Winners, Losers From the GOP Debate
Trump scared off almost all of the competition
By Rob Quinn,  Newser Staff
Posted Dec 16, 2015 3:53 AM CST
Updated Dec 16, 2015 6:03 AM CST
Ben Carson, left, Ted Cruz, center, and Donald Trump speak during a break at the CNN Republican presidential debate at the Venetian on Tuesday in Las Vegas.   (AP Photo/John Locher)
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(Newser) – Republican candidates held their final debate of the year in Las Vegas on Tuesday night, and while there was no shortage of big lines, one of the night's strongest performances may have been too little, too late from a struggling candidate. Here's what the pundits are saying:

  • Donald Trump managed to emerge as the winner despite a performance that was middling at best, according to John Dickerson at Slate, who notes that candidates were competing to show "strength and toughness" in the foreign policy debate, "which meant the debate took place on Trump's turf." Anthony Zurcher at the BBC notes that the other candidates seemed largely unwilling to tangle with Trump, with the candidate's proposed ban on Muslims entering the US attracting only "tepid condemnation."

  • Jeb Bush, the candidate who challenged Trump the most, had his best and most spirited debate performance yet, though analysts suspect the impressive performance isn't going to budge his low poll numbers. "Donald, you're not going to be able to insult your way to the presidency," Bush quipped in an exchange that Steve Peoples at the AP describes as the "kind of moment Bush supporters had been desperate for in the year's first four prime-time debates."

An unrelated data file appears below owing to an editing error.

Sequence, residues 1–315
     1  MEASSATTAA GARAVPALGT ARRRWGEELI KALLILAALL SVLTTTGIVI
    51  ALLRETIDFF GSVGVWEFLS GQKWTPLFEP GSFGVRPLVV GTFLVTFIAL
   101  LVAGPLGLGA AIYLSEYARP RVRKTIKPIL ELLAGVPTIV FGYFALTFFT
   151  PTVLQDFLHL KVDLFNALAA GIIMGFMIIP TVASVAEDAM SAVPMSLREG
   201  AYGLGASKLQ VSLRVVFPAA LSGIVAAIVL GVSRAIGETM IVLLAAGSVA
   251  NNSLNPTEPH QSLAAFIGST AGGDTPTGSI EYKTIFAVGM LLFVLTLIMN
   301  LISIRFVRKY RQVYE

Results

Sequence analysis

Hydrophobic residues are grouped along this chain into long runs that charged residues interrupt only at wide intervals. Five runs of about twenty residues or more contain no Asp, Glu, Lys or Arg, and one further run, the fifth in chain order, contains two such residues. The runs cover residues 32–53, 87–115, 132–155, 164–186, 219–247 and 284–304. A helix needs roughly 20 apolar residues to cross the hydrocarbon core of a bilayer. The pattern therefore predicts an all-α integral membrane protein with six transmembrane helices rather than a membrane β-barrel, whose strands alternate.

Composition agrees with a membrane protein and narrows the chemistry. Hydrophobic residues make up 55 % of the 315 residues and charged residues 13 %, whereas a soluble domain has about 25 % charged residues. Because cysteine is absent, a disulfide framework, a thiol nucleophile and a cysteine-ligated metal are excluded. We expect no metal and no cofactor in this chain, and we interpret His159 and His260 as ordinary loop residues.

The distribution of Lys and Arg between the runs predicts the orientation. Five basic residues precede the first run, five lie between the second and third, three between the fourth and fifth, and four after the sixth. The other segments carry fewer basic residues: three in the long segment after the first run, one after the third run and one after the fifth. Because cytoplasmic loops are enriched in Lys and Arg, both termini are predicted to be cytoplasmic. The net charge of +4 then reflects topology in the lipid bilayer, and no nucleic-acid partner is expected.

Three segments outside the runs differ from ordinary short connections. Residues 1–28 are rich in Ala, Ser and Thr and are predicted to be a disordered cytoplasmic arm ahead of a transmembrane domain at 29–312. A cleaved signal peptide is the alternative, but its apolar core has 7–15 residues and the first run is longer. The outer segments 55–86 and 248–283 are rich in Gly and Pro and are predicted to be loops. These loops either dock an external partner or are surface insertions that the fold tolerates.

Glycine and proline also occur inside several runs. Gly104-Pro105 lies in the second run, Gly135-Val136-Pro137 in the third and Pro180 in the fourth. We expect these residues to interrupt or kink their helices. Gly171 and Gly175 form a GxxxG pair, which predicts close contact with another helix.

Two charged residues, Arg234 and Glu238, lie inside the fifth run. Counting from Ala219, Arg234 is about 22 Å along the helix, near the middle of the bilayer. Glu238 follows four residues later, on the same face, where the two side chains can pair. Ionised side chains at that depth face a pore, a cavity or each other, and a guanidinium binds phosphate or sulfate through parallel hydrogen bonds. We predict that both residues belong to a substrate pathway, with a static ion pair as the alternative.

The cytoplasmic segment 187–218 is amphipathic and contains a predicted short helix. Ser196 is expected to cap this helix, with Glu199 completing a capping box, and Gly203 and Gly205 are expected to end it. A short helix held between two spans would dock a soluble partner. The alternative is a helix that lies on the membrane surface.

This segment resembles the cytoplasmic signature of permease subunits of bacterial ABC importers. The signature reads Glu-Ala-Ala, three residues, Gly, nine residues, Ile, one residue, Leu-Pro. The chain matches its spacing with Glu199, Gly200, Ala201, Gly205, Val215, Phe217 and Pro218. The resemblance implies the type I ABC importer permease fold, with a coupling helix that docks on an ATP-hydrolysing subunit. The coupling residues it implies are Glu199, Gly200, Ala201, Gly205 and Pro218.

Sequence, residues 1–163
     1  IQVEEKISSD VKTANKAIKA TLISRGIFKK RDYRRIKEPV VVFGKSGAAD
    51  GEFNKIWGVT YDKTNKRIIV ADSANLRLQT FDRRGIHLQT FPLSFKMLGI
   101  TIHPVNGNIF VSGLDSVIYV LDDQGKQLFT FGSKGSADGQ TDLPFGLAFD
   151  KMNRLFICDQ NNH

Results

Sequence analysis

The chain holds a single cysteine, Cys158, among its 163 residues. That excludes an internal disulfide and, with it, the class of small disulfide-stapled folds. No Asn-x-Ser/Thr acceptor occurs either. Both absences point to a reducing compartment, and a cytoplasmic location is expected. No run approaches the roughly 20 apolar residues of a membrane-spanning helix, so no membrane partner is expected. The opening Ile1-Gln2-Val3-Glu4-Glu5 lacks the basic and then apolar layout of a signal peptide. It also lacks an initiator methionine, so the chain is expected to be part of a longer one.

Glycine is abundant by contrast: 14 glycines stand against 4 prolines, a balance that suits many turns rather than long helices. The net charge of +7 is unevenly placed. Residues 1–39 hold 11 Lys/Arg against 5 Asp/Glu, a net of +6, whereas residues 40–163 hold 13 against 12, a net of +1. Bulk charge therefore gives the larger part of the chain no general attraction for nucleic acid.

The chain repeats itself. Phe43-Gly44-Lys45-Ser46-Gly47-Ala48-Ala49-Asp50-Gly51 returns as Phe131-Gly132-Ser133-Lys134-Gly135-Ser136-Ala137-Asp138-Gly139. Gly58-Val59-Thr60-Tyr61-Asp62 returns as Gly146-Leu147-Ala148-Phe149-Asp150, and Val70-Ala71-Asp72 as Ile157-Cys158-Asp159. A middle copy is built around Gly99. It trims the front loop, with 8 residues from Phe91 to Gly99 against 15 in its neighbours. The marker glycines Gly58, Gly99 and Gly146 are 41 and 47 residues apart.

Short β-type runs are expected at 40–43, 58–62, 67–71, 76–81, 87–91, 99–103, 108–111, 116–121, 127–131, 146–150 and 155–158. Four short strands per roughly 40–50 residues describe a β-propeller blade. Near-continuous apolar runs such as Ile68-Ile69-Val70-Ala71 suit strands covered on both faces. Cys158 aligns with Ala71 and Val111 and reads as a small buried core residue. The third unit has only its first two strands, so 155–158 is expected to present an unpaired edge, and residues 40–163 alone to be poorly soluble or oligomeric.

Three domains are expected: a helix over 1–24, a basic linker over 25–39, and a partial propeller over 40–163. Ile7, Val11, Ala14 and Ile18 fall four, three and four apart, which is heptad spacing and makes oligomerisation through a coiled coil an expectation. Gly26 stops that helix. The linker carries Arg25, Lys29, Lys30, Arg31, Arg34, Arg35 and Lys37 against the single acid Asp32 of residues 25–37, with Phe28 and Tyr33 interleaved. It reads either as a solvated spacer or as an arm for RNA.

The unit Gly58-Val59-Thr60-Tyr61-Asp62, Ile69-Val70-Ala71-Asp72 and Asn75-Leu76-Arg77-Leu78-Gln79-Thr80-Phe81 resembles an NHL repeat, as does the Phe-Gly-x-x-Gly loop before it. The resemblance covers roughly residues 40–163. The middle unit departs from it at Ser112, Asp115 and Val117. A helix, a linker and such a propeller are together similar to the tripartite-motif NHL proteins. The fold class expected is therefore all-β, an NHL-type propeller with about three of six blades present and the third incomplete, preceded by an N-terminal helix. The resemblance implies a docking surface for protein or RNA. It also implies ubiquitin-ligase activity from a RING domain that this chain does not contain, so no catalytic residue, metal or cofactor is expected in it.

• Marco Rubio had a good night, showing once again that he is "the best natural debater in the field" and winning a heated exchange with Ted Cruz over NSA data collection, writes Chris Cillizza at the Washington Post. Mike Allen at Politico calls Rubio the "Barack Obama of 2008," a "gifted communicator and performer" who can rise to big moments.
  • Chris Christie's strong debate performances have helped fuel a modest rise in the polls and he "acquitted himself well" once again on Tuesday, "especially when he contrasted his executive experience as a governor with the work of the three senators onstage," writes Niall Stanage at the Hill.
  • Ted Cruz "had a mixed night," decides Allen, noting that he "looked afraid of Trump" and "rather than breaking with him, he smooched harder." His multiple exchanges with Rubio, including one on immigration, made both men appear to be "the candidates on the rise, right behind Trump," writes Stanage.
  • Carly Fiorina, John Kasich, and Rand Paul largely failed to get the kind of standout moments their campaigns badly need at this stage. Paul was in a "fighting mood," but nobody was interested in sparring with him and he was "effectively shut out by the overwhelming opposition to his foreign policy views present on stage," writes Jeremy Diamond at CNN.
  • Ben Carson did little to reassure people concerned that he has a poor grasp of foreign policy. "Time and again when asked about foreign policy and national security, Carson would say lots of words but very few of them made sense together," Cillizza writes.
Carson did, however, make headlines for this move.
 

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